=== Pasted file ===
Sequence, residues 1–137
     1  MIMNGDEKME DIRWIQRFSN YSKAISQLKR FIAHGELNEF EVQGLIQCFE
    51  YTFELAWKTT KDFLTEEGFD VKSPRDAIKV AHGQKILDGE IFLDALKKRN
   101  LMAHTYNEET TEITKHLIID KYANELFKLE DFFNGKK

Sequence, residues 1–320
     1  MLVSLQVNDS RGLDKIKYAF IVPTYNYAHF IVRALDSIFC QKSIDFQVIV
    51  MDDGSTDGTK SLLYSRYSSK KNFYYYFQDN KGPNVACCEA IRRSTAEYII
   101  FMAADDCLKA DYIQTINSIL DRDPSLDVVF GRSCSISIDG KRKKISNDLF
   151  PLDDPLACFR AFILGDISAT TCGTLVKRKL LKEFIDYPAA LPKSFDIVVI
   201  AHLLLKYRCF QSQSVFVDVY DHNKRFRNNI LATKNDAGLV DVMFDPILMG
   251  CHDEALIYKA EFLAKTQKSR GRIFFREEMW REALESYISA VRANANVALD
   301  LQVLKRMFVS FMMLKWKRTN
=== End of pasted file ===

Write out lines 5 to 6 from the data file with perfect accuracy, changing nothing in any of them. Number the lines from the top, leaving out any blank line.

Sequence, residues 1–320
     1  MLVSLQVNDS RGLDKIKYAF IVPTYNYAHF IVRALDSIFC QKSIDFQVIV